Voters in Ohio support restrictions on collective bargaining (60% support restrictions), and strong majorities (62%) oppose service cuts as a means of keeping public employees at current salary and benefit levels. ??These findings from Douglas E. Schoen ??? pollster for President Bill Clinton ??? should encourage supporters of Ohio's Senate Bill 5, which seeks to weaken the collective-bargaining power of about 360,000 public workers in the Buckeye State. But, the same poll also found that a majority of Ohioans oppose the specific collective bargaining changes in the bill. This conflict in attitudes suggests Ohio's voters are confused about the connection between changing collective bargaining rules and controlling public employees' costs and benefit packages.
Whatever the outcome of the November 8th referendum (and both sides are investing millions in television ads to sway voters to their side), Schoen's survey findings make clear Ohioans, and Americans more generally, are fed-up with how elected officials run their states, with the generosity of public sector employee wages and benefits, and with the overall fiscal health of their states.
Two-in-three American voters express frustration with the direction their state economies are moving and say their state is on the ???wrong track.??? A plurality (48%) blame their elect officials for their state budget problems, and a plurality (47%) say cutting government spending is the best way to address the problem facing states, while 31% would require public employees to contribute more towards their benefits. Just 13% of voters think the best way forward is raising taxes.
American voters expressed serious skepticism about the value of tenure for teachers and would like to see changes to defined benefit pension systems. Specifically, 56 percent of voters ???favor phasing out tenure for teachers because it protects bad teachers from being fired while making it harder to bring in new and better teachers, while just 39% say teacher tenure is a longstanding right for public school teachers.??? When it comes to pensions, seven in ten ???strongly favor moving all new public employees from the existing defined benefit plan to a defined contribution plan.??? A majority also says that overall salaries and benefits for public employees are too high (41%), while 31% of voters think they are just about right.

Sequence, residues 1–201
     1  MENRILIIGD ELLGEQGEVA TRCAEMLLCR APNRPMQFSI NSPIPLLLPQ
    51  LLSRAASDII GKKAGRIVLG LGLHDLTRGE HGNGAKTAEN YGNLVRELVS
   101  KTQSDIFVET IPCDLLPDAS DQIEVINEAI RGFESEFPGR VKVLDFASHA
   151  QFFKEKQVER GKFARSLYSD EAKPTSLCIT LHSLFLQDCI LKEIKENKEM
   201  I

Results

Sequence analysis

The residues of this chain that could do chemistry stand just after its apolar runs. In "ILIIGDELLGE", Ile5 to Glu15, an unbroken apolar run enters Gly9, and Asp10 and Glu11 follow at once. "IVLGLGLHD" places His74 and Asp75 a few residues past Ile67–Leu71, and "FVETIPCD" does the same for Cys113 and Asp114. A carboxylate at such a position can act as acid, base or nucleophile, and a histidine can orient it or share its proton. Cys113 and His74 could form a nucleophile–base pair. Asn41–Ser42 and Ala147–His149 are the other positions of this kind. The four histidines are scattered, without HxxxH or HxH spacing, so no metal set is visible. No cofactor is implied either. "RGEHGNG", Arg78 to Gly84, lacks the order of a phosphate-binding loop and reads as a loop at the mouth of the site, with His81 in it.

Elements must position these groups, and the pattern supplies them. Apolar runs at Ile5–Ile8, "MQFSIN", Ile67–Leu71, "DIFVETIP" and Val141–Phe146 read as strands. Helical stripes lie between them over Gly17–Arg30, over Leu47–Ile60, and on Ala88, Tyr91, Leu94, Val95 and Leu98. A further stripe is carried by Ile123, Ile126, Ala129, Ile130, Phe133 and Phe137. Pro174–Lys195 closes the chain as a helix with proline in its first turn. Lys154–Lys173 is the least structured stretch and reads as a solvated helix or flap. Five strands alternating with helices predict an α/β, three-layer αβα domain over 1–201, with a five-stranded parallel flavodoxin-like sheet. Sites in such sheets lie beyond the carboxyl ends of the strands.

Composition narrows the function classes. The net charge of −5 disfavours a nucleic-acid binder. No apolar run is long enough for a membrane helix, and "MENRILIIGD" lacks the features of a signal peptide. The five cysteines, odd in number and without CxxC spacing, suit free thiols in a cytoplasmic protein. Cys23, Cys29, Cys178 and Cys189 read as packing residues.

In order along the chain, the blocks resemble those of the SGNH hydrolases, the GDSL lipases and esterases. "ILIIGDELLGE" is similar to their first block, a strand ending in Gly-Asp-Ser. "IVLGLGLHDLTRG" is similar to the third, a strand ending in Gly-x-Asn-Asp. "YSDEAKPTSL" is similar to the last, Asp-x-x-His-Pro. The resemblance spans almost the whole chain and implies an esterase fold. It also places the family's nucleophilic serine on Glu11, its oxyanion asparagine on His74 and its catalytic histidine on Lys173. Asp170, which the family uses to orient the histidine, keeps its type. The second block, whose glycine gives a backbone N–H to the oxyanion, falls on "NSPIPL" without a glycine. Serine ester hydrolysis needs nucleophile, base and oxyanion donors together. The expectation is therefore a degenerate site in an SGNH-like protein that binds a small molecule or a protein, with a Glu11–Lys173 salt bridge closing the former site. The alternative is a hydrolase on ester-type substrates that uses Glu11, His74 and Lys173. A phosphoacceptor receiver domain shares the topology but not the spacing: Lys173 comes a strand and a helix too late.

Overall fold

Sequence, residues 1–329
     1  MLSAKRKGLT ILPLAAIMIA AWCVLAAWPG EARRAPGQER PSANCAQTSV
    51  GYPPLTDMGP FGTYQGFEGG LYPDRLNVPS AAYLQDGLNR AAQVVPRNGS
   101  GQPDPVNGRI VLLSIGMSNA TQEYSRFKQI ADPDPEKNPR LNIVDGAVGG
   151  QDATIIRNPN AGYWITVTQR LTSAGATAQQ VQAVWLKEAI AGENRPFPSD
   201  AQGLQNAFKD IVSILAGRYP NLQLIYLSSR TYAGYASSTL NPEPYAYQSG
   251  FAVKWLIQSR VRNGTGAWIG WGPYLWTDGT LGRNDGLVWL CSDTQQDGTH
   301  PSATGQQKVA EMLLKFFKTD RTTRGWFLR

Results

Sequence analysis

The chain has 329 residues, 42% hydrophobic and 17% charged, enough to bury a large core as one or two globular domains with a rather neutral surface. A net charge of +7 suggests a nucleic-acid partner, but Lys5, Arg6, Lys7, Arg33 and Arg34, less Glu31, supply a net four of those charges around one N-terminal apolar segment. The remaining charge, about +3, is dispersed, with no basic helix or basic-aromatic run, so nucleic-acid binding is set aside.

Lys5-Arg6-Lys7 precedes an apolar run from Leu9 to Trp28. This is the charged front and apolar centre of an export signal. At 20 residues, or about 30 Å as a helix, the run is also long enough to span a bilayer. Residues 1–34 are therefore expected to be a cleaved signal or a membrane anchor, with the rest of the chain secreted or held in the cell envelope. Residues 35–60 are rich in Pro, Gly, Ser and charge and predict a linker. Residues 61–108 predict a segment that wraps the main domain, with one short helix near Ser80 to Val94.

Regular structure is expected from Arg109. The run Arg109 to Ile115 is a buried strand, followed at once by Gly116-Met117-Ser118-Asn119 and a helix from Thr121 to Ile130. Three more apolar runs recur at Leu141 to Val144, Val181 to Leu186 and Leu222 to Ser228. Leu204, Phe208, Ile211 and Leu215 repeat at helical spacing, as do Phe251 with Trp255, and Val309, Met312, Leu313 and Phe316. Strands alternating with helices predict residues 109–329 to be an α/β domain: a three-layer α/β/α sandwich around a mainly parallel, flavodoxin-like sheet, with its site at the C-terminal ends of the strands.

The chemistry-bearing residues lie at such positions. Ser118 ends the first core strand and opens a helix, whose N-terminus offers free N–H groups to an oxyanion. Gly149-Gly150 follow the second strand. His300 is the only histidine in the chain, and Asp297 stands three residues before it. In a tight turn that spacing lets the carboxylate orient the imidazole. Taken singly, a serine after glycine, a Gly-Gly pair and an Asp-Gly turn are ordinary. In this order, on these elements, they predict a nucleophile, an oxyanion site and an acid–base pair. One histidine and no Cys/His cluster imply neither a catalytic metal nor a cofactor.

But, despite their frustrations with the costs of the public sector and their obvious desire for reforms and real leadership on these issues, Ohioans oppose the collective bargaining restrictions in Senate Bill 5 by a 52% to 43% margin. Ohio's voters are skeptical about how much money will actually be saved by limiting collective bargaining for public sector employees, and only 38% think the change to law will result in more reasonable benefits for public employees and thus help the state close its budget gap. Further, Ohioans overwhelmingly say it is more important to reform ???public employees' benefits??? (59%) than it is to reform ???collective bargaining??? (17%). Ohio's voters don't see the connection between changing collective bargaining rules and controlling public employees' costs and benefit packages.
Schoen's findings and survey methodology were released by the Manhattan Institute on September 20th and can be found here.